Marrying those two concepts is key to arranging a great track. We want to ensure our track fulfils its brief – ie satisfying its audience type and platform demands. It also needs to work to the music’s advantage. Achieving that is a case of listening to your track and hearing where it wants to take the listener.
You may have already got a clear idea of this from the composition phase. Or, you may find that the arrangement leads you to rewrite or reconsider certain compositional elements. (Again, trim any fat if it’s not working with your arrangement.)
The main thing at this stage is to listen and respond accordingly. If the track leads you to a chorus section but it doesn’t seem quite dramatic enough, for example, there are a couple of things to consider:
A bridge is a useful tool for bringing in a part of a song in an unexpected way. It’s usually just before the 2nd or 3rd chorus – although not always. The songwriter may feel that it’s a little formulaic, a little boring, to simply repeat verse – chorus with verse – chorus again. Therefore, a short section of something unexpected can provide a little spark where it’s needed.
It’s unlikely you’ll write songs with a bridge in mind before you’ve laid down the main composition. That’s because they are almost always responsive to the main motifs in the song. The inspiration for a bridge often just appears – the song asks you to help it flow better, and if you’re listening, you might respond with writing a bridge.
But not every song needs a bridge. Far from it, they are not as commonplace as they used to be, and many genres avoid them almost entirely, particularly Dance and House genres. It’s all about flow and repetition in these genres, and a bridge is a deliberate insertion of something unexpected.
Bridges don’t always need to be new melodic ideas. You can use filters, SFX and the nrtoduction of new timbres to make a bridge between sections, without messing up the repetitive effect of your track. This is especially powerful in dance music genres.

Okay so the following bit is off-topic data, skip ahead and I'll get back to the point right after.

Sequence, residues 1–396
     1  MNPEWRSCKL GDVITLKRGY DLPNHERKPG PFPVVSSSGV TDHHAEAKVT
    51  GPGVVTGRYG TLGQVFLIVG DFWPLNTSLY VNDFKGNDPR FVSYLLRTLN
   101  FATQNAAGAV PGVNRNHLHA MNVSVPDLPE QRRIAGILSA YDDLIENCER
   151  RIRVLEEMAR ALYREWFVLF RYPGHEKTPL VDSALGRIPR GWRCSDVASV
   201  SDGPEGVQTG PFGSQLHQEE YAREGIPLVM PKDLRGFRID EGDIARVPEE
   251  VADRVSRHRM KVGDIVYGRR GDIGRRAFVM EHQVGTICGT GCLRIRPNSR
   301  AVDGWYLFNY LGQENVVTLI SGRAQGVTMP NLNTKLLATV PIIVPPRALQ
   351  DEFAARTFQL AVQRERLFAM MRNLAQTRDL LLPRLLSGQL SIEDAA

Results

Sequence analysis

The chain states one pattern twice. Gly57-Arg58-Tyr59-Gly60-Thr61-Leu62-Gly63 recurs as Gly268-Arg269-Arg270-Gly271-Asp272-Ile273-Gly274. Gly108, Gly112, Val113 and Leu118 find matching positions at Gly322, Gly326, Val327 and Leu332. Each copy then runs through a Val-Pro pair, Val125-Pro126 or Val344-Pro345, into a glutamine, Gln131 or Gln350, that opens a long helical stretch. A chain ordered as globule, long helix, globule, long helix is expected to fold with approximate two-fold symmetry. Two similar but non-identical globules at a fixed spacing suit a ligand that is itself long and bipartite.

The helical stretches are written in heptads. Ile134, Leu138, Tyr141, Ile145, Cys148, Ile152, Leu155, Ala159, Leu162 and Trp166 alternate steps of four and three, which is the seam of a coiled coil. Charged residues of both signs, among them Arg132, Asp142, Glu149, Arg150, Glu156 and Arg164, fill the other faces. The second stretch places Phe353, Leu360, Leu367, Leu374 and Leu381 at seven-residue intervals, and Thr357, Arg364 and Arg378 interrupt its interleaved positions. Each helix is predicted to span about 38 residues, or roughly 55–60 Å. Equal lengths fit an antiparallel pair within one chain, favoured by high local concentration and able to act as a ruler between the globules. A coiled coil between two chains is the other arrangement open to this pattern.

On the subject of repetition, it is an important part of any arrangement. Unless you’re making freefowm jazz, but even then, some degree of motif is probably used to anchor the piece. For all other genres, we need repetition of melodic ideas to settle us, to make us feel at home with the track. When we arrange a track, repetition is important because we want to be able to anticipate new sections of the song. Listeners of all types enjoy subconsciously predicting song changes and the satisfaction that comes with being correct.
But, it can be boring if not done with finesse. While many old school Hip-Hop tracks simply repeat their first verse and chorus, leaving it up to the rapper to create te dramatic journey, it’s not generally desirable.
Instead, try repeating verse 1 for the second verse, but bring in a new timbre, pad sound or new piece of percussion.
Or, and this can be just as effective, take some out. You could cut all the drums from the first beat of the second verse for drama, or remove all the bass for the first 4 bars. Maybe it sounds more dramatic to remove all the instruments except bass and drums for a section. It’s your track, and you need to make your own arrangement. The important thing is to consider your options, and make the decision that seems right for you.